Using your health savings account just to cover current medical expenses could be short-sighted.
HSAs are increasingly common as employers introduce high-deductible health plans. President-elect Donald Trump and Republican lawmakers have also proposed changes that could expand access to these accounts.
"They're a great tool to cut taxes and put money away for health care," said certified financial planner Carolyn McClanahan, director of financial planning for Life Planning Partners in Jacksonville, Florida.
HSA users earn a triple tax benefit, she said. Contributions are either pretax or tax deductible.
Unlike flexible spending accounts for health care, HSA balances can be carried over from year to year — and that money can be invested and grows tax-free, said Jeff Young, senior vice president for WEX Health, a software firm that administers HSAs for banks, insurers and other providers.
"It's great for the short term and the long term," he said.
Withdrawals aren't taxed as long as you use them for qualified medical expenses. Even if you're healthy, those can be a big bill in retirement: A 65-year-old couple who retired in 2016 could expect to spend $260,000 to cover health care costs, according to an August report from Fidelity.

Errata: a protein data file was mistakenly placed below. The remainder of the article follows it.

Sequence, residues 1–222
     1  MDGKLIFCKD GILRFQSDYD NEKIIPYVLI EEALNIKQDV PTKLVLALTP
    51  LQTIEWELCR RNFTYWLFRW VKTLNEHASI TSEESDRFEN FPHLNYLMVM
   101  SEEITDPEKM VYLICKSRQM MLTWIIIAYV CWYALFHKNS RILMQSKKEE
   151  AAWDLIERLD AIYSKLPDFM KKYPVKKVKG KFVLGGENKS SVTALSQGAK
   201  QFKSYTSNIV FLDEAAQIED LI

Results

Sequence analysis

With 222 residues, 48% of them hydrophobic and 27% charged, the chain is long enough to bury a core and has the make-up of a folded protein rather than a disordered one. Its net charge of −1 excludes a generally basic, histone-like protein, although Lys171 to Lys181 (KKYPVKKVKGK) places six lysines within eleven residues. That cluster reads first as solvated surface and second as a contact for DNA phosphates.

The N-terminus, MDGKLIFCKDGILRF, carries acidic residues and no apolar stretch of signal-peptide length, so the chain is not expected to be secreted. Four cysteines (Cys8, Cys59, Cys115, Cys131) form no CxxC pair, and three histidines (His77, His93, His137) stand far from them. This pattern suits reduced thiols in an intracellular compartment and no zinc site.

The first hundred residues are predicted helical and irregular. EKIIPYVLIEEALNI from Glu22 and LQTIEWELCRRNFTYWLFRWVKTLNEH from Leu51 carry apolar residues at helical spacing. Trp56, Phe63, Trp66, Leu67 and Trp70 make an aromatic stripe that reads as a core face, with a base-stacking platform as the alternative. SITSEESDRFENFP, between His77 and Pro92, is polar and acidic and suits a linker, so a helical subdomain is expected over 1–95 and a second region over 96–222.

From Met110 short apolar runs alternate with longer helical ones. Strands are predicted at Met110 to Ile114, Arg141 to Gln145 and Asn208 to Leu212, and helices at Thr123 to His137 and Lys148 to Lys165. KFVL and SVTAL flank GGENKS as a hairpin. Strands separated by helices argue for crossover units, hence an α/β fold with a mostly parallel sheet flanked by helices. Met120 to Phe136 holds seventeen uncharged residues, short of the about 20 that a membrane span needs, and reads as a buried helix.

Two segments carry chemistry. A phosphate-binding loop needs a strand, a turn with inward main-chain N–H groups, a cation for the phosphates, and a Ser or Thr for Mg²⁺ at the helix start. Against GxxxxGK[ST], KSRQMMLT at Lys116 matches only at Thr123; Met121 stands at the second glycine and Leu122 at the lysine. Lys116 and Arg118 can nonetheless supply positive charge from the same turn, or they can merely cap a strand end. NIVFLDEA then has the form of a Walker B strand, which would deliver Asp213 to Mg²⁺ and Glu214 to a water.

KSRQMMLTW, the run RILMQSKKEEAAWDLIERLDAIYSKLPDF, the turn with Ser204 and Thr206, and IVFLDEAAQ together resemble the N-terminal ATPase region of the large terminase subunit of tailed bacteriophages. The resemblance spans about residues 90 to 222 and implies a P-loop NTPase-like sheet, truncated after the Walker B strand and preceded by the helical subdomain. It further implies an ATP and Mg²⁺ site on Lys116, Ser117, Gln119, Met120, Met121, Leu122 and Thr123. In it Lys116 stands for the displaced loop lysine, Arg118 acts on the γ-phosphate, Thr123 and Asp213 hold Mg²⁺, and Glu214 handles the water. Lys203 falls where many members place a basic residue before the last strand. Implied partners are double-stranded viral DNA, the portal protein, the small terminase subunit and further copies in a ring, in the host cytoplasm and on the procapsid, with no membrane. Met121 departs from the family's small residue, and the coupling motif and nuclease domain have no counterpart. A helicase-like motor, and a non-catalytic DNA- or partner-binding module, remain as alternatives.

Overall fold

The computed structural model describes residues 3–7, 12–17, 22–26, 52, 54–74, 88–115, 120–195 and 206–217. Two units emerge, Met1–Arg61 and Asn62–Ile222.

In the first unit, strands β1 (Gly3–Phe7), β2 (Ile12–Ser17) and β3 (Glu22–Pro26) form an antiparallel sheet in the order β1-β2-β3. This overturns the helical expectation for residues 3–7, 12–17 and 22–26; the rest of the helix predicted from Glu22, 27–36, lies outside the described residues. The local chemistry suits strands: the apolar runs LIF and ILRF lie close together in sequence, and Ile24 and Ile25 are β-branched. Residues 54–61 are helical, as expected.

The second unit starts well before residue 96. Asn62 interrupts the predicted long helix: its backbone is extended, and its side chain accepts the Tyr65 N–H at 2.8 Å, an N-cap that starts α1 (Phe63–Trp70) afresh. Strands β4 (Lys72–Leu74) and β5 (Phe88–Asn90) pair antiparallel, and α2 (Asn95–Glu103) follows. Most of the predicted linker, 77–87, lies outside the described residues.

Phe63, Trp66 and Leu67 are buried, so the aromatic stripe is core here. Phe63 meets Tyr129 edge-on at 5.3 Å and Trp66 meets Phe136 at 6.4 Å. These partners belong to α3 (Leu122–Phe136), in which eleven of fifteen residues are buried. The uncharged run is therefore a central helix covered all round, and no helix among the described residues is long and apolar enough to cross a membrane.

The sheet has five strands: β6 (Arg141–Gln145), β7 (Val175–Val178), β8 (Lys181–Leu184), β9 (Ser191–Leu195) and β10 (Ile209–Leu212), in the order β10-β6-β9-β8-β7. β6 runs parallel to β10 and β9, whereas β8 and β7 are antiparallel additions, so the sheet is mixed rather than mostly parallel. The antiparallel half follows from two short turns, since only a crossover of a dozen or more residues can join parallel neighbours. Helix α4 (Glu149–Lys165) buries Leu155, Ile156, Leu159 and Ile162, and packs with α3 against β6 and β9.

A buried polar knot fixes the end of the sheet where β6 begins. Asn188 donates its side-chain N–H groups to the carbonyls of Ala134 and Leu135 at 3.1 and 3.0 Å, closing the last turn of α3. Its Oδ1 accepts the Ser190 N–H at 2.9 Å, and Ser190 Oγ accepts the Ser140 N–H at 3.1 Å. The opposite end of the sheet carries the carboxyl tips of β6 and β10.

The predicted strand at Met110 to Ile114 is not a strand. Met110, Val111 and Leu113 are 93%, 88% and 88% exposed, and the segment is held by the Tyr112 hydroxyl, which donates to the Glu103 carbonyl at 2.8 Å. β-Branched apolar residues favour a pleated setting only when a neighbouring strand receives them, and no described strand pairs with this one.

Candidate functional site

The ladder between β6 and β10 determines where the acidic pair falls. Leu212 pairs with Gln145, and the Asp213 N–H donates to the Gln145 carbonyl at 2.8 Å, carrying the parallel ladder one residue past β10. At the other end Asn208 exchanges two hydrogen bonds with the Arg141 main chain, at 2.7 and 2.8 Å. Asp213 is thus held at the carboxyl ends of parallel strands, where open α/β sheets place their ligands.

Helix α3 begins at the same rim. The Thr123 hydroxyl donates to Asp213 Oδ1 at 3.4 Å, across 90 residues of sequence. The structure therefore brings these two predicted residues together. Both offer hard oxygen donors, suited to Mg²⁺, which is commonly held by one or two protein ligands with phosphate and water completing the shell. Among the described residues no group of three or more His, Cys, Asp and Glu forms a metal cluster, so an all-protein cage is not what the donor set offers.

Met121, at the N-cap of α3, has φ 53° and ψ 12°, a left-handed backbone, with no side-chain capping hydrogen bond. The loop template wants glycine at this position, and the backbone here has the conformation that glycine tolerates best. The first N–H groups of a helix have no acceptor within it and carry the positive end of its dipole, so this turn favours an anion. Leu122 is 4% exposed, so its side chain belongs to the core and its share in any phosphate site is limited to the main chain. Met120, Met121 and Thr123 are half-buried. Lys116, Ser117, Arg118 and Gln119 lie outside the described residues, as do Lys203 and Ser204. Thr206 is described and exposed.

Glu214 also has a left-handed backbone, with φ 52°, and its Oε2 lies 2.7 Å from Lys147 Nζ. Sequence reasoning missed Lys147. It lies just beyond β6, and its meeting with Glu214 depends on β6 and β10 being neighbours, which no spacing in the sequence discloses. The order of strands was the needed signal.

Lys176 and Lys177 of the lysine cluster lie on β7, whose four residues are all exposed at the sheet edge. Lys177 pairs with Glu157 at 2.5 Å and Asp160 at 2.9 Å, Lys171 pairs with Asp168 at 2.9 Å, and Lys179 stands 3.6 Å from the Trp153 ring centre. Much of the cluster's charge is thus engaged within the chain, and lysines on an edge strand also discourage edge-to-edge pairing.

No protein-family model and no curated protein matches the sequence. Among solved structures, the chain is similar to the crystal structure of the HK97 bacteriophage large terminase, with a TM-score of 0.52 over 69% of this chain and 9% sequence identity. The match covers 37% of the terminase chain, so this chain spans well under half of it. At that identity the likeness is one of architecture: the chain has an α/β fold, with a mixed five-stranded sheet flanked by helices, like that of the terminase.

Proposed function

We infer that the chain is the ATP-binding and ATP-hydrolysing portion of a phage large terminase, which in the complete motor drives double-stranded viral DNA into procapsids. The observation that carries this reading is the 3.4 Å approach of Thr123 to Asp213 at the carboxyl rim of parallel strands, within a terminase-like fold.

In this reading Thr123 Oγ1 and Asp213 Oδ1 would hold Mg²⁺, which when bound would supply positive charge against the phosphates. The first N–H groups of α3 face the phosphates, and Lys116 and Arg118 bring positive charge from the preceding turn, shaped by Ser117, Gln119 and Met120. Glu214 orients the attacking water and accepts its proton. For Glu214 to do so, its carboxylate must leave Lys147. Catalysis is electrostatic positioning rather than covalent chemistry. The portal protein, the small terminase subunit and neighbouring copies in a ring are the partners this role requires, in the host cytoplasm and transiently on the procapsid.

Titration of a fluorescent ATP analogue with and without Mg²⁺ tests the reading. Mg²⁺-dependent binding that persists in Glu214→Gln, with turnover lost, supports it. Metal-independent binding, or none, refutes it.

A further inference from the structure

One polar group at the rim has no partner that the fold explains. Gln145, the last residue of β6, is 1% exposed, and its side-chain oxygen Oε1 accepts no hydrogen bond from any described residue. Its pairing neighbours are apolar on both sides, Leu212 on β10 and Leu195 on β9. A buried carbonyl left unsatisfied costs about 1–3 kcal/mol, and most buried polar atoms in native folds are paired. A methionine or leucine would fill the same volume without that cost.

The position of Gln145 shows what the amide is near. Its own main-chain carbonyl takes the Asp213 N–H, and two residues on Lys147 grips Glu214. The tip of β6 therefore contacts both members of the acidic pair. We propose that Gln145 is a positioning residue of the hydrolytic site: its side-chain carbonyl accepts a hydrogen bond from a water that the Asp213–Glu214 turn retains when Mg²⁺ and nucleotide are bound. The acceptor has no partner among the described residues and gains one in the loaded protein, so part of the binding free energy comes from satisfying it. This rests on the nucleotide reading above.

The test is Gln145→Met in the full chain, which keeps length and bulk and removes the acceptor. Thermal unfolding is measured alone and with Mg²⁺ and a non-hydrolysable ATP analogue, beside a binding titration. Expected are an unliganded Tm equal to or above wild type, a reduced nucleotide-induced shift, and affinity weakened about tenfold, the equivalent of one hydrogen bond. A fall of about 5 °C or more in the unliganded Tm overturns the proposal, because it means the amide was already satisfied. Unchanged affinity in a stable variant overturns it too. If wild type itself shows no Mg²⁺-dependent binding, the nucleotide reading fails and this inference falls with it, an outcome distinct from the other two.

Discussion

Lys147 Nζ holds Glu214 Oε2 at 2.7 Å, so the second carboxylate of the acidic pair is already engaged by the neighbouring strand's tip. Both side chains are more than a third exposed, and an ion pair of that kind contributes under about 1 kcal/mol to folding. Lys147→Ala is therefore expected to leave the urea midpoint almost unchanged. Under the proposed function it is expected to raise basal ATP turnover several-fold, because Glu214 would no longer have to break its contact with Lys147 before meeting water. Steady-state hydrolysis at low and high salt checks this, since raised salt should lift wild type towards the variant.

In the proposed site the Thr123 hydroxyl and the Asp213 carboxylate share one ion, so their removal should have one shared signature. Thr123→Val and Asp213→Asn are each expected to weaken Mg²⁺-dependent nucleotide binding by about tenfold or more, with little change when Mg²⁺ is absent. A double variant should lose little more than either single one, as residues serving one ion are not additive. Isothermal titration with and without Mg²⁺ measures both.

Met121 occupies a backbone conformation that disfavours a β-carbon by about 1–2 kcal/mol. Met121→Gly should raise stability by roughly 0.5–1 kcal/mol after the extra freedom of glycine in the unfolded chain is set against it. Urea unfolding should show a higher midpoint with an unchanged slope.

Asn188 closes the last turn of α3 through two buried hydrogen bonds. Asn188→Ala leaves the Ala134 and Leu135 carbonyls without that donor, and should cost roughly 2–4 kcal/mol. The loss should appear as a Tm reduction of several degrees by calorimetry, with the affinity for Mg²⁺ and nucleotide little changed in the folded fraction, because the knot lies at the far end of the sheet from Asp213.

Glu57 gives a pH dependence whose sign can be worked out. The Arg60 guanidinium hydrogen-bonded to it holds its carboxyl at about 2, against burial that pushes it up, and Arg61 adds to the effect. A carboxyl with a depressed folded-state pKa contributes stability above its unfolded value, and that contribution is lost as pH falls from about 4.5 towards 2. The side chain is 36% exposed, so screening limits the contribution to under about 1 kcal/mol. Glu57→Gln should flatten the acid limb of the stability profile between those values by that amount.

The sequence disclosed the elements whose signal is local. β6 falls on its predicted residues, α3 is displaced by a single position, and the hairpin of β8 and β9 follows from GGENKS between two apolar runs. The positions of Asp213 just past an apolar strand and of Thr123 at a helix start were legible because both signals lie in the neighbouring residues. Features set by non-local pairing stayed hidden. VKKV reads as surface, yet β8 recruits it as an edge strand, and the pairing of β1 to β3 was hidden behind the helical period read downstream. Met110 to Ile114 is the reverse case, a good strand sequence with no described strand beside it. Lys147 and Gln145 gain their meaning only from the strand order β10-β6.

But HSAs require a high-deductible health plan, which can make it difficult to cover your current health costs and still have money left in the account to grow for retirement needs, McClanahan said. In 2015, only 6 percent of HSAs had an investment component, according to a 2016 briefing from the Employee Benefit Research Institute.
"The thing with HSAs is, the people who can use them to save for retirement are the people who have the money to pay for their health expenses directly," she said.